WW1

Timeline created by Kaiwan
In History
  • The 19 amendment

    The 19 amendment
    The right of citizens of the United States to vote shall not be denied or abridged by the United States or by any State on account of sex.
  • Lusitania

    Lusitania
    a British ocean cruise liner that was sunk on 7 May 1915 by a German U-boat 11 miles off the southern coast of Ireland, killing 1198 people 123 of which were American which caused the United States to declare war on Germany two years later.
  • Year first women elected to Congress

    Year first women elected to Congress
    Jeannette Pickering Rankin (June 11, 1880 – May 18, 1973) was an American politician and women's rights advocate, and the first woman to hold federal office in the United States. She was elected to the U.S. House of Representatives as a Republican from Montana in 1916, and again in 1940.
  • Selective service act

    Selective service act
    authorized the United States federal government to raise a national army for service in World War I through conscription.
  • lennen led Russian revolution

    lennen led Russian revolution
    Vladimir Ilyich Ulyanov (22 April 1870 – 21 January 1924), better known by his alias Lenin, was a Russian revolutionary, politician, and political theorist. He served as head of government of Soviet Russia from 1917 to 1924 and of the Soviet Union from 1922 to 1924.
  • Espionage Act

    Espionage Act
    made it a crime for any person to convey information intended to interfere with the U.S. armed forces prosecution of the war effort or to promote the success of the country's enemies.
  • The sedition

    The sedition
    the United States Congress that extended the Espionage Act of 1917 to cover a broader range of offenses, notably speech and the expression of opinion that cast the government or the war effort in a negative light or interfered with the sale of government bonds.
  • The 1918 influenza pandemic

    The 1918 influenza pandemic
    an unusually deadly influenza pandemic, the first of the two pandemics involving H1N1 influenza virus, with the second being the swine flu in 2009.
  • The Fourteen Points

    The Fourteen Points
    a statement of principles for peace that was to be used for peace negotiations in order to end World War I. The principles were outlined in a January 8, 1918, speech on war aims and peace terms to the United States Congress by President Woodrow Wilson.
  • The US rejects the League of Nations membership

    The US rejects the League of Nations membership
    the Senate rejected a peace treaty. By a vote of 39 to 55, far short of the required two-thirds majority, the Senate denied consent to the Treaty of Versailles. ... The United States never ratified the Treaty of Versailles, nor did it join the League of Nations.
  • Schenk vs. US

    Schenk vs. US
    legal case in which the U.S. Supreme Court ruled on March 3, 1919, that the freedom of speech protection afforded in the U.S. Constitution’s First Amendment could be restricted if the words spoken or printed represented to society a “clear and present danger.”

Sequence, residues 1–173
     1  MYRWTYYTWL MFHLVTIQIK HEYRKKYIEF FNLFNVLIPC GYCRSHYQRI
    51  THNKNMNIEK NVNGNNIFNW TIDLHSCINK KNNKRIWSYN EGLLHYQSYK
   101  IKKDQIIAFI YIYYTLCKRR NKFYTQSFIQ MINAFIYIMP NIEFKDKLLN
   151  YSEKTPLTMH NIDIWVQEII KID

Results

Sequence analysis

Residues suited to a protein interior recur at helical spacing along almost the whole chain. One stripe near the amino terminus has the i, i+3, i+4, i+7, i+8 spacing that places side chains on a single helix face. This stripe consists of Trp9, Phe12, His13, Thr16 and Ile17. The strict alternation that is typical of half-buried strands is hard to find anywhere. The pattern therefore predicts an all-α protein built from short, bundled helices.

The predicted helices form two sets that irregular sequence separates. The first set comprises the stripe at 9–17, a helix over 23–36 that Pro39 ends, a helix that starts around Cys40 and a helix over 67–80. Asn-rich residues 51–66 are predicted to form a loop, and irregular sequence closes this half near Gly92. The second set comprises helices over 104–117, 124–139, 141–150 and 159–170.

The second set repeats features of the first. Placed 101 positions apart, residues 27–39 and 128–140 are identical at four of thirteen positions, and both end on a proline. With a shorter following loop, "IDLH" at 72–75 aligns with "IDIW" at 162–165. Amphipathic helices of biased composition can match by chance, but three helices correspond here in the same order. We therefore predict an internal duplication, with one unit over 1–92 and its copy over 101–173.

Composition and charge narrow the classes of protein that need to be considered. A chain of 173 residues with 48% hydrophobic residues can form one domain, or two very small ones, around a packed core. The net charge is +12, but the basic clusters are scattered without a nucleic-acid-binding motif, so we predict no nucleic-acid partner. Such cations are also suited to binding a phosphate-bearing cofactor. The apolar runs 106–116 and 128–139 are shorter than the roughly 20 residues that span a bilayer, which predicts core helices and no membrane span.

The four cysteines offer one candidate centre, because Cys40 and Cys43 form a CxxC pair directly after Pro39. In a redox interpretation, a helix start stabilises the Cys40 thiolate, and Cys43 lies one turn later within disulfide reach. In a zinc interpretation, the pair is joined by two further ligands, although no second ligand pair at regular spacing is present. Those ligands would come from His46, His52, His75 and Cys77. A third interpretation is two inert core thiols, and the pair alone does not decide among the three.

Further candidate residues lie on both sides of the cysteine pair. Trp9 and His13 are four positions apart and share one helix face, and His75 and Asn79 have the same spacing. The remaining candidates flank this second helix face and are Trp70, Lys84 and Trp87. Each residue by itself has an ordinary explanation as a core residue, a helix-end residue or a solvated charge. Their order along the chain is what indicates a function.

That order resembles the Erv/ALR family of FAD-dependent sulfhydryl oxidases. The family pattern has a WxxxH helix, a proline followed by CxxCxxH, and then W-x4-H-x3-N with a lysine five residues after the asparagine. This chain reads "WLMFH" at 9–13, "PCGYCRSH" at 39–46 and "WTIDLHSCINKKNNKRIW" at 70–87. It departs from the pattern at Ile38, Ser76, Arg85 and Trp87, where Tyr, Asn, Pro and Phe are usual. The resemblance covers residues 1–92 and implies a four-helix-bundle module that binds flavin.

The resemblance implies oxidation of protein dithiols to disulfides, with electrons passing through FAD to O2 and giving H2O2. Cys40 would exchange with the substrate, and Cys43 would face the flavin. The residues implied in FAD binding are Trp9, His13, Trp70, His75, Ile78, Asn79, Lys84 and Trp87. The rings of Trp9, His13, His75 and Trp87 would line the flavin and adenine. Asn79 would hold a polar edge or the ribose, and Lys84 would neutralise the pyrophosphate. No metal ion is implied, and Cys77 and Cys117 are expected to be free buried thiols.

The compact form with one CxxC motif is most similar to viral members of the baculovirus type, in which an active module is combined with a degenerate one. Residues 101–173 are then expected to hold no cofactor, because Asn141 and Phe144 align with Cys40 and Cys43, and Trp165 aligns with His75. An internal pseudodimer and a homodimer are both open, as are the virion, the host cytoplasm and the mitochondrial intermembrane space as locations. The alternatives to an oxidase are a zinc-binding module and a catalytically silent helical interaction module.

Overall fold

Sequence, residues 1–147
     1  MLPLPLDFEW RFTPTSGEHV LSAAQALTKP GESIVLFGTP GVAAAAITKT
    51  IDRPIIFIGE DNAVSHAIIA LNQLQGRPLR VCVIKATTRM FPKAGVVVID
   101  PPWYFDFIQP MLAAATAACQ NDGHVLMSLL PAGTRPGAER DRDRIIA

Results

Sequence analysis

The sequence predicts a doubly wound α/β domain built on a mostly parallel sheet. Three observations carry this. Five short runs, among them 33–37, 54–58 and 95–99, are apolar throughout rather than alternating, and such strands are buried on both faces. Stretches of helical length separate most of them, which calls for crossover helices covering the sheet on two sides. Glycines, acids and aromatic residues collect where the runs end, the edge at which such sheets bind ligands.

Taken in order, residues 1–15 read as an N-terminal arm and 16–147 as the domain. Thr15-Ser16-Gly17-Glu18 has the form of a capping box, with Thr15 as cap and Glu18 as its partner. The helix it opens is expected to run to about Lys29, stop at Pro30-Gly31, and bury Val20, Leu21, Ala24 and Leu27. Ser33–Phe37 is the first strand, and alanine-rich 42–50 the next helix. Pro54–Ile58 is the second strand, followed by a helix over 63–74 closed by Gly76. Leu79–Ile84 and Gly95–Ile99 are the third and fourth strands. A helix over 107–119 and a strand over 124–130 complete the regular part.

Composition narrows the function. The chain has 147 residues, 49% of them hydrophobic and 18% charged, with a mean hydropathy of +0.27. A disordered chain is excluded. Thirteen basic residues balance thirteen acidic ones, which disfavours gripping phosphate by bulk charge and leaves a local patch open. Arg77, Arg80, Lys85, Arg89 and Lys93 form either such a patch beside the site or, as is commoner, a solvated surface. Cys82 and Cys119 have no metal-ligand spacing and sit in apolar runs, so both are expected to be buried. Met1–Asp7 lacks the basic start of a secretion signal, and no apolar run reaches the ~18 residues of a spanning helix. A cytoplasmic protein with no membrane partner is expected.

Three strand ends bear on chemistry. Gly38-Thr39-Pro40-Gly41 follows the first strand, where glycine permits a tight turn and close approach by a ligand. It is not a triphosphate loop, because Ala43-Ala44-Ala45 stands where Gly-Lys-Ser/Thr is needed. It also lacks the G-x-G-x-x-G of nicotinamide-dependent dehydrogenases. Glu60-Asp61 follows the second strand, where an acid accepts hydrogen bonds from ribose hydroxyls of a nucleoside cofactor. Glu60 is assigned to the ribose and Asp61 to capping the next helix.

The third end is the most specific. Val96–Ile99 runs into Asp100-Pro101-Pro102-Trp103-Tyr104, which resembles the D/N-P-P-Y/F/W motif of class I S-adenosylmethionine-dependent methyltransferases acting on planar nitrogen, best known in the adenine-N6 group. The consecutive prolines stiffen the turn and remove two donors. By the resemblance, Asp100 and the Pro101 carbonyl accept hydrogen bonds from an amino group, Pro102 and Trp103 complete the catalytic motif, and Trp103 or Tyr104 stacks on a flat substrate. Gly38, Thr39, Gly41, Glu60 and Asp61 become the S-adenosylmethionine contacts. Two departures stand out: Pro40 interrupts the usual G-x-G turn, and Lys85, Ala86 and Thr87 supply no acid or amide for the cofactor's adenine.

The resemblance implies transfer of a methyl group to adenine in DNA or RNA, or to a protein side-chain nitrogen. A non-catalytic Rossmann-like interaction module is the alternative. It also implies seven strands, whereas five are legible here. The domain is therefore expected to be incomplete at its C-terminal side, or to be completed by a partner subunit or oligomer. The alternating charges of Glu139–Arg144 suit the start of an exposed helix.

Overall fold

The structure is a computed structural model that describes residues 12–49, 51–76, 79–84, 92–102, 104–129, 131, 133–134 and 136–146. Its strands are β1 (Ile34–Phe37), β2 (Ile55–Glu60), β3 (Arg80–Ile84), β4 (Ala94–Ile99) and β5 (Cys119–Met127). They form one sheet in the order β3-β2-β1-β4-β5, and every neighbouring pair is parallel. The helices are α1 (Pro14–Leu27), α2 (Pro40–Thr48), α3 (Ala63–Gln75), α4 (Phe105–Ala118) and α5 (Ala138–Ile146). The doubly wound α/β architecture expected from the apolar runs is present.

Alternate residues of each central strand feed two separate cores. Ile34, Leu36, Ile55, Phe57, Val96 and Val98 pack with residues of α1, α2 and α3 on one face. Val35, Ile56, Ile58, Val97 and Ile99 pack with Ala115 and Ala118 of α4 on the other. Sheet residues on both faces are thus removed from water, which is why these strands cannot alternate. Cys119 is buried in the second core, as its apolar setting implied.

• Flappers

    Flappers
    Flappers of the 1920s were young women known for their energetic freedom, embracing a lifestyle viewed by many at the time as outrageous, immoral or downright dangerous. Now considered the first generation of independent American women, flappers pushed barriers in economic, political and sexual freedom for women.
  • Scopes Trial

    Scopes Trial
    the prosecution of science teacher John Scopes for teaching evolution in a Tennessee public school, which a recent bill had made illegal.
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    F. Scott Fitzgerald

    rose to prominence as a chronicler of the jazz age. The success of his first novel, “This Side of Paradise” (1920), made him an instant celebrity. His third novel, “The Great Gatsby” (1925), was highly regarded, but “Tender is the Night” (1934) was considered a disappointment. He died before completing his final novel, “The Last Tycoon” (1941), but earned posthumous acclaim as one of America’s most celebrated writers.
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    Woodrow Wilson

    (1856-1924), the 28th U.S. president, served in office from 1913 to 1921 and led America through World War I (1914-1918). An advocate for democracy and world peace, Wilson is often ranked by historians as one of the nation's greatest presidents
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    Edward Kennedy "Duke" Ellington

    Edward Kennedy "Duke" Ellington (April 29, 1899 – May 24, 1974) was an American composer, pianist, and leader of a jazz orchestra, which he led from 1923 until his death over a career spanning more than six decades.
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    WW1

    began in 1914 after the assassination of Archduke Franz Ferdinand and lasted until 1918. During the conflict, Germany, Austria-Hungary, Bulgaria and the Ottoman Empire (the Central Powers) fought against Great Britain, France, Russia, Italy, Romania, Japan and the United States (the Allied Powers).
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    Great migration

    The Great Migration, sometimes known as the Great Northward Migration or the Black Migration, was the movement of 6 million African Americans out of the rural Southern United States to the urban Northeast, Midwest, and West.
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    The Great Depression

    The Great Depression was a severe worldwide economic depression that took place mostly during the 1930s, beginning in the United States. The timing of the Great Depression varied across nations